Takings and Givings
In this paper, Perry Shapiro examines the efficiency of value capture by analyzing the symmetries and asymmetries between givings and takings. Ideally, if a government asks landowners to reimburse it for the costs of infrastructure improvements based on the associated increases in land values, it will also compensate landowners for reductions in land values that stemmed from its actions. The U.S. Constitution prohibits takings without just compensation, but it is silent on the issue of givings without reimbursement. This legal tradition has roots in the historical desire to protect private property rights from the power of the state. From an efficiency standpoint, the takings clause reduces the incentive for the government to take more land than it needs for public projects, but there is no parallel policy concerning public benefit recovery.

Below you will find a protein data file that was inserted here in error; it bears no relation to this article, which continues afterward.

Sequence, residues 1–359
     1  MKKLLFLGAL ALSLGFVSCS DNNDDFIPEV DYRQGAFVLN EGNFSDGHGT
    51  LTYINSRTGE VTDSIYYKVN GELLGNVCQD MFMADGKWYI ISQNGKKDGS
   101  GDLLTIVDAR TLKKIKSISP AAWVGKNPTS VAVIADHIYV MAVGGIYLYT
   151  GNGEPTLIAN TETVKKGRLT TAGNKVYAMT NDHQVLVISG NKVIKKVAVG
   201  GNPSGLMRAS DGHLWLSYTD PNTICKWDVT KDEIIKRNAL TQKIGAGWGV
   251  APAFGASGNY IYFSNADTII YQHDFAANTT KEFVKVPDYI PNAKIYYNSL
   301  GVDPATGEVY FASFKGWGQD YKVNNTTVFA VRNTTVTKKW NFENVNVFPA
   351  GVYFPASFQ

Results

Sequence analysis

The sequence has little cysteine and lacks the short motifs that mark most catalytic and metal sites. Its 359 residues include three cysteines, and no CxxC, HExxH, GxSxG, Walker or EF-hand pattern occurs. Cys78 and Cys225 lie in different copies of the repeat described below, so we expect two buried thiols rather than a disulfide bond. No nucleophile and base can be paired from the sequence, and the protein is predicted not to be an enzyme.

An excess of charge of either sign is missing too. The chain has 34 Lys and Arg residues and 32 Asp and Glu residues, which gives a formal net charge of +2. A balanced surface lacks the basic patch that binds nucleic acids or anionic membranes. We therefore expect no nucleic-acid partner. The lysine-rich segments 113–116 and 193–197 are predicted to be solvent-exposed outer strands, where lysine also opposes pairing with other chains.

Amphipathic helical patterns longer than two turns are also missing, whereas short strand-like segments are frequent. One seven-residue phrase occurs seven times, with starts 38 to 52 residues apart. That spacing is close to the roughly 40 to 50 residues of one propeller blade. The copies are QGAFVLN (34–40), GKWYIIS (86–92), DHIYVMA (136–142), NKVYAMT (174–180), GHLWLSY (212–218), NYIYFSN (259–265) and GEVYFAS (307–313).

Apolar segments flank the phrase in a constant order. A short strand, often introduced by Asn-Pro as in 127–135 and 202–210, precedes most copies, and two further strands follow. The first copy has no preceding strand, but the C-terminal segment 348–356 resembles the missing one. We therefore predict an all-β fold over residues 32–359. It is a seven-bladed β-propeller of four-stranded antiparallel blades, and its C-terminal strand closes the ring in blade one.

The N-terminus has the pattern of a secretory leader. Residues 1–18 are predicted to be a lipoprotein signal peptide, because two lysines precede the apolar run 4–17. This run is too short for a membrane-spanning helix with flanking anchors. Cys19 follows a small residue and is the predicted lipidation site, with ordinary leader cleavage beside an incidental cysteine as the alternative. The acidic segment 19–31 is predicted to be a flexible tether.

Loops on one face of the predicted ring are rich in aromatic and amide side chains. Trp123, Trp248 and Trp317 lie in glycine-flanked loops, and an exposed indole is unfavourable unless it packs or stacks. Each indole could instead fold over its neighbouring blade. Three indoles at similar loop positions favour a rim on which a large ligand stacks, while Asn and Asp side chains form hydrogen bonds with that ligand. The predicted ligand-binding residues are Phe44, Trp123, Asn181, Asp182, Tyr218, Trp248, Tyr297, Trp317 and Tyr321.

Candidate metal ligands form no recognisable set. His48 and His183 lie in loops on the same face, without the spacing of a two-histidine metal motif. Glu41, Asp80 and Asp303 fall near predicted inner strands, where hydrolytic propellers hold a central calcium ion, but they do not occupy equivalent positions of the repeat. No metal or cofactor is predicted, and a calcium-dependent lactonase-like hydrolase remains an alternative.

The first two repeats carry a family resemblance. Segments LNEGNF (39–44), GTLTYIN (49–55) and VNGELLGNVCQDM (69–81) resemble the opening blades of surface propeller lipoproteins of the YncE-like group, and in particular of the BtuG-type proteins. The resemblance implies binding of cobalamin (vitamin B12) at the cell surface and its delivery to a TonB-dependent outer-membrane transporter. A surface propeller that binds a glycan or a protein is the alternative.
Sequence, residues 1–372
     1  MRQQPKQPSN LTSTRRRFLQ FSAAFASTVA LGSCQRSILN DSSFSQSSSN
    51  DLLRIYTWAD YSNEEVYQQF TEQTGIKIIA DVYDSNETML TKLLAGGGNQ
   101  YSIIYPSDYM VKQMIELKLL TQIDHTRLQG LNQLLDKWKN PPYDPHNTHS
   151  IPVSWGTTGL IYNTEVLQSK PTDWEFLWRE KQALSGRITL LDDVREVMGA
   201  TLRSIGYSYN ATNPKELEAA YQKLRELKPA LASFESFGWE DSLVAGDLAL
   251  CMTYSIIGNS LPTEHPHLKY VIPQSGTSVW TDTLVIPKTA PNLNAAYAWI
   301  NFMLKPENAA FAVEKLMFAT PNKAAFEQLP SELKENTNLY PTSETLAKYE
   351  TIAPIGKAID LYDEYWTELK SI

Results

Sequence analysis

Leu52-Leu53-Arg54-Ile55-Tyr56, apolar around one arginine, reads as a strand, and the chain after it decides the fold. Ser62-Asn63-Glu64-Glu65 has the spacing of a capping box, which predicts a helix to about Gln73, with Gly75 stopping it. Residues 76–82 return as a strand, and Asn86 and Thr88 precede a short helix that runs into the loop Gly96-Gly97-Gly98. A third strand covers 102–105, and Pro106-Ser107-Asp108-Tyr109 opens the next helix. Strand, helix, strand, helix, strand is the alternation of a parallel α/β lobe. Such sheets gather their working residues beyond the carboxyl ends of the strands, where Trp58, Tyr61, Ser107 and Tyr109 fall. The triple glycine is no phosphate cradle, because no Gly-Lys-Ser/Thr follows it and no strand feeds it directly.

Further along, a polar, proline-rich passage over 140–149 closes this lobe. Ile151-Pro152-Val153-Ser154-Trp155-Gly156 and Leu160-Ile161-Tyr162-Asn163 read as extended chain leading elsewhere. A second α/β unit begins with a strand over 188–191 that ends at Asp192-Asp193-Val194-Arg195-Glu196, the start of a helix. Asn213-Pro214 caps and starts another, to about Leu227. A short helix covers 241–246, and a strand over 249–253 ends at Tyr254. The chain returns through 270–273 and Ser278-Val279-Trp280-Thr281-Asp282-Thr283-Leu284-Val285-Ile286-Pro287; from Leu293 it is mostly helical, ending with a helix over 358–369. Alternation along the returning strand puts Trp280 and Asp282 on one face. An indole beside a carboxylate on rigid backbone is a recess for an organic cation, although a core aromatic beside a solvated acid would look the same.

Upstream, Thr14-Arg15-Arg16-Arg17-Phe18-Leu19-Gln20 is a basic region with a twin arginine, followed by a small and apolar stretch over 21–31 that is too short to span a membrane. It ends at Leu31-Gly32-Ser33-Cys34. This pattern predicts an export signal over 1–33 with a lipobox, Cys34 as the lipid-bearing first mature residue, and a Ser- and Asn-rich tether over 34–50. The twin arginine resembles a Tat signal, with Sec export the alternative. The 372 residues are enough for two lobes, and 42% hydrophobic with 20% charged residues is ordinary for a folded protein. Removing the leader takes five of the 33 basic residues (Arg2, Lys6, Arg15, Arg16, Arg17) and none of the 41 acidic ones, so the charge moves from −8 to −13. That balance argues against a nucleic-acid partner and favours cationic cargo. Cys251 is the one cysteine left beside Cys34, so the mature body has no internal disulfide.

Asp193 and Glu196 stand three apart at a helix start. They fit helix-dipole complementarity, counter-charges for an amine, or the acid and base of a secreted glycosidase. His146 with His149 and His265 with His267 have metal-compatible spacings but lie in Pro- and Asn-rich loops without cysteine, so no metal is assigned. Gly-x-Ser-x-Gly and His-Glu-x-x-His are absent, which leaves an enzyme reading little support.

In view of this imbalance, Shapiro proposes a set of rules (which he terms the ideal mechanism) for deciding what damages are compensable, what benefits are recoverable, and how compensation payments and recovery charges can be determined. Using the construction of a road as an example, he illustrates the shortcomings of market value compensation for land takings and ad valorem property tax recovery for public infrastructure provision. He then suggests two alternatives: (1) a compensation assessment method based on the increased value of non-taken property; and (2) a strong Pareto mechanism based on an auction theory. He claims that both mechanisms would lead to efficient and fair outcomes for givings reimbursement and takings compensation.
This paper was presented at the Lincoln Institute’s annual Land Policy Conference in 2011 and is Chapter 3 of the book Value Capture and Land Policies.